Haiqiang Zeng looked like a would- be Prime Minister when he won the Mandarin division of the China Open Debating Championship with his partner, Hao Zhuo, on Sunday afternoon. In British style, he has the David Cameron leg thrust at the dispatch box, the Gordon Brown hand chop and, at key moments, a special samba-like hand roll.
Zeng, an undergraduate at Sichuan University, was competing with more than 250 other students at the championship in the North East city of Qinhuangdao. 48 teams took part in Mandarin, while 84 registered for the English championship.
While traditional Chinese debating takes on more philosophical topics, the China Open competitors have been cutting and thrusting across the dispatch box in a manner more commonly seen in the Oxford Union. Motions included: Should the children of government officials be banned from public jobs? Would Chinese universities be more competitive if they were privatised? Should China stop subsidising labour intensive industry? And yes - should China legalise pornography? (This was the topic that led to the longest conversations on the bus)
But this is China’s new generation; finding out about the world on the internet and hooking up on social networking sites (despite the difficulties this sometimes poses) Outspoken about why debate is good: “This is a critical moment for China, and we have to develop critical thinking,” said a young law student. “Only controversial topics are meaningful now, because only debating controversial topics will push China to develop as a society, ” added a marketing undergraduate.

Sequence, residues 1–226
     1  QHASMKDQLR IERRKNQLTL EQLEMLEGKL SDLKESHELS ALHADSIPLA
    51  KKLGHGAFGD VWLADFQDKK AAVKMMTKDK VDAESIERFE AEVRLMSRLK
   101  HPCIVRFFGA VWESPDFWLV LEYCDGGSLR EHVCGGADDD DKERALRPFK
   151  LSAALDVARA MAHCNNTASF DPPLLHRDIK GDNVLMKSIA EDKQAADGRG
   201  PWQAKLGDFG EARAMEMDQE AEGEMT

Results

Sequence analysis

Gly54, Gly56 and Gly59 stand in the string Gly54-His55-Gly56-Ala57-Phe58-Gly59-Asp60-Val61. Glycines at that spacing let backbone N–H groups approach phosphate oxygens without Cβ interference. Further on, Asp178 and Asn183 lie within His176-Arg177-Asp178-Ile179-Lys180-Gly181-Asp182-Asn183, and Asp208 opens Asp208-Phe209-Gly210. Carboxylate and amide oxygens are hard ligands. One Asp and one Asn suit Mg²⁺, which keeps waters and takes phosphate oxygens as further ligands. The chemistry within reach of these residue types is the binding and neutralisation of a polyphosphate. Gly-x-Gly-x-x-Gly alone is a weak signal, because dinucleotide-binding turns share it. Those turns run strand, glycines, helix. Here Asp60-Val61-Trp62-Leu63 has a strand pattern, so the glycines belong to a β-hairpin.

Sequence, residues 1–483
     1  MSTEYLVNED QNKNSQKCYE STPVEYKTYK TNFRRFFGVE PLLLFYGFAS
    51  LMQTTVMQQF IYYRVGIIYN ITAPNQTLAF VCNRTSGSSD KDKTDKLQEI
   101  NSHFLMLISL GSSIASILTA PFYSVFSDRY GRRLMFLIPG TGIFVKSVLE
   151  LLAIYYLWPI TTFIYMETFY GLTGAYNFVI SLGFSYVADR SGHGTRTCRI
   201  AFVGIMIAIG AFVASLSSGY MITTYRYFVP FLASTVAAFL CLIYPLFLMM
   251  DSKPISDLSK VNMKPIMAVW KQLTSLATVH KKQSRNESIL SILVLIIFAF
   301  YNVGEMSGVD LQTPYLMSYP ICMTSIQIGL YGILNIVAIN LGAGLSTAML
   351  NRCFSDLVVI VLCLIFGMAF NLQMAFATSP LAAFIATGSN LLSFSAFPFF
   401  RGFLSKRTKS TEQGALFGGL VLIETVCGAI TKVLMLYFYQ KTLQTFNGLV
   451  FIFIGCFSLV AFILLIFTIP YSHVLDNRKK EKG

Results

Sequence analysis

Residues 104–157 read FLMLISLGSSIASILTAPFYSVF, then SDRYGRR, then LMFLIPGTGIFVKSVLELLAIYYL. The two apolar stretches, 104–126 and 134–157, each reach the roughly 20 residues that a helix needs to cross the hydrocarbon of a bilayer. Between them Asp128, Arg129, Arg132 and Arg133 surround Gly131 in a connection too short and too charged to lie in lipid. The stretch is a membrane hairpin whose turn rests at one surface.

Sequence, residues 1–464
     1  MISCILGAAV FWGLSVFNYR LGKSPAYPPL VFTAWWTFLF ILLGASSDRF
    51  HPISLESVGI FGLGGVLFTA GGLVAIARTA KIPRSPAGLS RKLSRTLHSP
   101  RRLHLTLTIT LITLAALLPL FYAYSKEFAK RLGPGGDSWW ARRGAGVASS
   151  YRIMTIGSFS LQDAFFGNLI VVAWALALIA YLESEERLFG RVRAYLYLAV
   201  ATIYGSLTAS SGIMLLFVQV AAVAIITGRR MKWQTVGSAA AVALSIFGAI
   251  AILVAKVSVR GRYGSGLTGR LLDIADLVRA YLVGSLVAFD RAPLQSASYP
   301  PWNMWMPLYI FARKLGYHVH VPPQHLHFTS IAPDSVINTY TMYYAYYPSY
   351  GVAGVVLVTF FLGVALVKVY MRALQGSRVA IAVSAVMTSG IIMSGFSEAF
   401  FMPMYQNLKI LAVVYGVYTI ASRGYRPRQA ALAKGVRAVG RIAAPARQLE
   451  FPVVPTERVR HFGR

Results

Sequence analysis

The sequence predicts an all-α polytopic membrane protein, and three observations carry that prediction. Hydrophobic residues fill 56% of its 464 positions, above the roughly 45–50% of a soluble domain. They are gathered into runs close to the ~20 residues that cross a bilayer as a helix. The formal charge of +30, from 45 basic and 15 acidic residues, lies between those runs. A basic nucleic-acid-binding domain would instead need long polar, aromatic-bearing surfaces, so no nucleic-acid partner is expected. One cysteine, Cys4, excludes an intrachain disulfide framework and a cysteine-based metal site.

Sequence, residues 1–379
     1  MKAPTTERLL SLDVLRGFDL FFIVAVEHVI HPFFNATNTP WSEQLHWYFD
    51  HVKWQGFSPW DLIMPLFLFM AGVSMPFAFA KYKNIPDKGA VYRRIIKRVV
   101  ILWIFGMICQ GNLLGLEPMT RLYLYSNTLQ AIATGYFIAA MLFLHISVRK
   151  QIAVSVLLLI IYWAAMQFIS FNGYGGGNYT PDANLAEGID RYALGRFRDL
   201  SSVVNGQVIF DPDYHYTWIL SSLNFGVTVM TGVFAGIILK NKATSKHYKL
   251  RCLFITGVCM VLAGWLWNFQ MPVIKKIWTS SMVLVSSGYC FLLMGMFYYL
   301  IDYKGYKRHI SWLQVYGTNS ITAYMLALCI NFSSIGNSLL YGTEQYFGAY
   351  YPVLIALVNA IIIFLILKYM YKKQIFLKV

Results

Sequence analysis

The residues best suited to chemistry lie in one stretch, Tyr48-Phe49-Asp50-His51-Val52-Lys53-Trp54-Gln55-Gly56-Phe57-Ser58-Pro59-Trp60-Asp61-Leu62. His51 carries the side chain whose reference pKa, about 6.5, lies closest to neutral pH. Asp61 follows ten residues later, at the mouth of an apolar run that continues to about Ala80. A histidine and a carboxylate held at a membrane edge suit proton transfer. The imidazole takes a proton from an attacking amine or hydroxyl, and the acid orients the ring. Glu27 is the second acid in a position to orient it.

The kind of critical analysis, and logical assessment of arguments is not something they find in school, or with their parents: “Only in this setting do we get chance to discuss and think about these things, it widens our world.” In the safe format of debate, discussions can play out because they are assigned a role, and can talk about topics while genuinely claiming that the position they take is not
necessarily their own.
These are the teenagers some China-thinkers would have us believe are all absorbed in their ipods and fluorescent trainers, and Nike t-shirts - taking advantage of economic growth, not interested in
politics. Politics aside, the students at the China Open are engaged with society, and the future of their country. Chief adjudicator for the Mandarin division, Yang Ge, told the students at the final
gathering: “You are smart, you are quick and you are going to rock the world.”
Lin Song Jia and Yang Da Jiang from the University of Macau were the winning team in the English division.